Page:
Originally published at: https://gamingtrend.com/feature/reviews/not-so-sisterly-love-sisters-royale-review/
Castle of Shikigami III is one of my guilty pleasure games from the Wii era. It’s a surprising mix of sadistic, Touhou-like bullet hell and some hilariously over-the-top cheesy voice acting (the PS2 predecessor outdoes it, but I love the pairing mechanics of III). Alfa System has recently created a spiritual successor with Sisters Royale, and while it does sport the same aesthetic and humor as its inspiration, it unfortunately falls flat in mimicking the shoot-em-up subgenre as a whole.
In the land of Pultima, a being named Seytan terrorizes the land. Five sisters are the key to defeating this foul beast, but unfortunately they don’t see eye to eye with each other, and their uncooperative nature means they can’t save the land. However, a man named Yashin suddenly enters the picture and the sisters agree to defeat each other for the chance at his hand in marriage.
You select one of the sisters (with a sixth character available as DLC): Sonay, Selma, Ece, Nur, and Lale as they fight with each other (as well as themselves ala a mirror match) in five different stages. Should you be successful, you’ll end up with Yashin’s hand in marriage (even youngest sister Lale, which does lead to some weird implications but at least a time skip occurs). It’s a weird concept that’s executed bombastically with the limited story cutscenes available. It’s no Castle of Shikigami with its glorious voice acting, but the sisters are an unlikeable bunch and at least it’s fun to laugh at them.
The sisters’ personalities and story modes are different (I suggest playing Lale, who earnestly wants to ask her sisters how to date someone, with them giving her hilarious responses), and their gameplay also reflects this. Each character has a shot type, a powershot type (which is activated by grazing past enemies or bullets closely but not enough to trigger your hitbox), and a summon (which is a special creature that you can summon with a charged button press). You also have a flashy bomb attack, which you’ll need to use sparingly. It’s standard Touhou mechanics with unique flare because of these attacks.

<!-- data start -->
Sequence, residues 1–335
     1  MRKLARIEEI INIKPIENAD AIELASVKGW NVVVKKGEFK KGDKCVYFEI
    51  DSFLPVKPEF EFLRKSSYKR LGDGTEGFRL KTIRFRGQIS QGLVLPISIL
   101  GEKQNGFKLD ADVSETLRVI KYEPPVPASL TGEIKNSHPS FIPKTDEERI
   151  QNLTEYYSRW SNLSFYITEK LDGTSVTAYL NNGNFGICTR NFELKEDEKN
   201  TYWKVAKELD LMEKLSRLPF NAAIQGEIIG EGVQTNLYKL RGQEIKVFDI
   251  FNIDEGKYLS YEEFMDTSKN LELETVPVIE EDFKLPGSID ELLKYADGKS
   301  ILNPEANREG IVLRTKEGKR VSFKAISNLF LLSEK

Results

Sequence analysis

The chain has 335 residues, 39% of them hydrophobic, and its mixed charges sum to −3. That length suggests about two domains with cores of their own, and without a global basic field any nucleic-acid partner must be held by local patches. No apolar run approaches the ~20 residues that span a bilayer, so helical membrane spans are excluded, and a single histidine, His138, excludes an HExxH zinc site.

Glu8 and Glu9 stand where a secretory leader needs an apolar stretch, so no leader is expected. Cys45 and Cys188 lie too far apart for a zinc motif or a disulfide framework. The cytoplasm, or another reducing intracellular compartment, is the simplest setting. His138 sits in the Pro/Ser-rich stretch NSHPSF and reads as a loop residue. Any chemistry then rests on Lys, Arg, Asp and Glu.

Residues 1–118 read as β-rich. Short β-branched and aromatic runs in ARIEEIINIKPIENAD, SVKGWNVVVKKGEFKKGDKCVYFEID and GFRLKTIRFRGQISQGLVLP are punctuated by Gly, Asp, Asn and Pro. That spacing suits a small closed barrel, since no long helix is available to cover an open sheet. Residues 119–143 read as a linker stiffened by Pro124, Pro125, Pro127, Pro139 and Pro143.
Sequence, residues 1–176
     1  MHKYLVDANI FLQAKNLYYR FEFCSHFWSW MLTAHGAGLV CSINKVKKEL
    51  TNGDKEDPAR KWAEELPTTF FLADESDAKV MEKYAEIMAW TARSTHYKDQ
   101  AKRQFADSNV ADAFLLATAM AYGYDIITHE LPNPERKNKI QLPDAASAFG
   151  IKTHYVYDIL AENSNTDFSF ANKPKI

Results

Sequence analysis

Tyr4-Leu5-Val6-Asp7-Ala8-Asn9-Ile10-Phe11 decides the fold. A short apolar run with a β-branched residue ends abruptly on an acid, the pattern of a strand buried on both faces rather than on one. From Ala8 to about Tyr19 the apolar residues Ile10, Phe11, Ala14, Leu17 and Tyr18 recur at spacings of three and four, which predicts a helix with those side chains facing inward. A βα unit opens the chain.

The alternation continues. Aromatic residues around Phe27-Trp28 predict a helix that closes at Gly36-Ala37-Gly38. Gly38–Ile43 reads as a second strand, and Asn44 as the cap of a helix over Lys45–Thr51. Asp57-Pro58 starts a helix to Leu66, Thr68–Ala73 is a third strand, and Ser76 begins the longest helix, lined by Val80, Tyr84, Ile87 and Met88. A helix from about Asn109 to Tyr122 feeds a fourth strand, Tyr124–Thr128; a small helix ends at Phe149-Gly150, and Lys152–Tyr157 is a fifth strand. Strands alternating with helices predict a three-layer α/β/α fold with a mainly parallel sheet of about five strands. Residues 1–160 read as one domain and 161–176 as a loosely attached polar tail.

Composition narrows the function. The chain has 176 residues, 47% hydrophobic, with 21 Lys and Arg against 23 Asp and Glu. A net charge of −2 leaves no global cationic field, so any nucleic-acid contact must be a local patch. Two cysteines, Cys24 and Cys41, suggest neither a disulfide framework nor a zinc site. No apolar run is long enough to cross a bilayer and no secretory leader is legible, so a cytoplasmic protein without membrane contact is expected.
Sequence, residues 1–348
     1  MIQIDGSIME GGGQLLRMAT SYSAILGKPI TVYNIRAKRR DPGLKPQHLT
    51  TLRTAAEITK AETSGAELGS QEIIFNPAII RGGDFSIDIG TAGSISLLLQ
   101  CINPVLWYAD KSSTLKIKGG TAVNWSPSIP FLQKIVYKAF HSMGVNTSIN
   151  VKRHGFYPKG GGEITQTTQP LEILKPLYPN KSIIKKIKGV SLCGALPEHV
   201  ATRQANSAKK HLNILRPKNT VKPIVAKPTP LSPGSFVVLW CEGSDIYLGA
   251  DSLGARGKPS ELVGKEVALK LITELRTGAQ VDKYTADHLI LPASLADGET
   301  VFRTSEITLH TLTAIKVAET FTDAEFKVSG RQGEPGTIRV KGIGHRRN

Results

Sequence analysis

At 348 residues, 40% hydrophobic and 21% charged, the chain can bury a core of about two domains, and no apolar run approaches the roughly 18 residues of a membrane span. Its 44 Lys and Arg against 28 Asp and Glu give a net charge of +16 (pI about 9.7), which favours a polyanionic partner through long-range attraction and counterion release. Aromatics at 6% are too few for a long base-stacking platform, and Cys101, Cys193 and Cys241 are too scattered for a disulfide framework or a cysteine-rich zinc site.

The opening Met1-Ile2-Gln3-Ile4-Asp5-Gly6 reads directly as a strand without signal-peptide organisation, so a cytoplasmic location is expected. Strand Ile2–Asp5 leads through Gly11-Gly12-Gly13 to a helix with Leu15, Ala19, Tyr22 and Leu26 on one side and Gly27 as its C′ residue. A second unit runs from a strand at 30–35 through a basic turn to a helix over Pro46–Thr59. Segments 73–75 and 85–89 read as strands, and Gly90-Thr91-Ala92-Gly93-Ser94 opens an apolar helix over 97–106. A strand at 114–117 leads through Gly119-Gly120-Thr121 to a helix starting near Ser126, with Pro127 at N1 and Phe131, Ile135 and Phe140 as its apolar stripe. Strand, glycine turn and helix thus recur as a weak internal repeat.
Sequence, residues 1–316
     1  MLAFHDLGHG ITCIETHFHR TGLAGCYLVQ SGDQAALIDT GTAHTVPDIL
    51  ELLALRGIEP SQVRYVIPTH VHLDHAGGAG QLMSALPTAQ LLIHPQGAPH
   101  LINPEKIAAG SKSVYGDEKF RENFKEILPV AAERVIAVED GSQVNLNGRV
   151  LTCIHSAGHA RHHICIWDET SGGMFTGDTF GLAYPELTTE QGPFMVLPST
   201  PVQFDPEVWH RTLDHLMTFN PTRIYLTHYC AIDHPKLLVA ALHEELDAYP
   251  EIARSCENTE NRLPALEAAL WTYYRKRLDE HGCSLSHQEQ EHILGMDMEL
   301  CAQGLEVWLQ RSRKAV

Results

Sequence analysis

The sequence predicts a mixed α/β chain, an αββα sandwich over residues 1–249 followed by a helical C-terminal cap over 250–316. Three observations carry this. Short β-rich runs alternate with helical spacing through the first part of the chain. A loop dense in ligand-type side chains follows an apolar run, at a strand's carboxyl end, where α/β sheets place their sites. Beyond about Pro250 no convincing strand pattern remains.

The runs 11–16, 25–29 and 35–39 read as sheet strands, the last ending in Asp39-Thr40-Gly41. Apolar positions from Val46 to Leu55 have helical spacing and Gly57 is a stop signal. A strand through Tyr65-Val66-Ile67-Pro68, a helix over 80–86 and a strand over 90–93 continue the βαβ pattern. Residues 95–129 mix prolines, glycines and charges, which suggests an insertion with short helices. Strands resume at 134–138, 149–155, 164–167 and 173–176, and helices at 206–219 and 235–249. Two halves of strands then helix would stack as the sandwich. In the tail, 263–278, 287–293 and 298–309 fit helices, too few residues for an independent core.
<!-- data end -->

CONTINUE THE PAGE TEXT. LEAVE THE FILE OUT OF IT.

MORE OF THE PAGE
It’s great that Alfa System could translate the Castle of Shikigami shot types to these characters, and each has a strategy that will fit your playstyle; Sonay, for example, has straight forward shots while Lale has fewer shots that can pierce enemy defenses. On the other hand, Selma has a summon charge that is extremely strong but requires some swift maneuvers in order to dodge bullets. I love the diversity of playstyles in Sisters Royale, and it makes for some unique playthroughs.
If only the rest of the game had as much love as the quirky characters and story. The main issues with the gameplay is that the movement and inputs feel sluggish and slow. The speed in which your character moves is slow enough to be annoying, and there’s no way to execute a quick dodge. (You’ll also move slower with your summon out, but that’s more of a risk/reward mechanic.) However, there is a very slight delay which will absolutely trip you up when playing anything harder than easy. Sure, we might have performance issues with most games, but in bullet hell shooters, input sensitivity and execution is absolutely necessary for survival. In my normal playthrough with Selma, there were multiple times where I thought that I pressed the bomb button only to get hit because it activated a second later. This lag is inexcusable and might actually be a deal-breaker for some players.
In addition, the stage structure feels uninspired and bland; the whole game will take you about half an hour to complete (even if you end up using continues), and while different characters spice up the gameplay, the enemies and other hazards feel tacked on, especially mid-bosses. These cubes will just go down in a few seconds if you play your cards right, and I’d rather them be bigger versions of the common enemy types that roam around during a stage. The music is serviceable (with the story cutscene background and first stages being standout tracks), and the performance is fine; I didn’t notice any big areas of slowdowns aside from input lag, and there are some great options to hone your skills, like TATE support and a practice mode if you want to repeat a certain area that’s tripping you up. I just wish this game was in a slightly better package than what we got.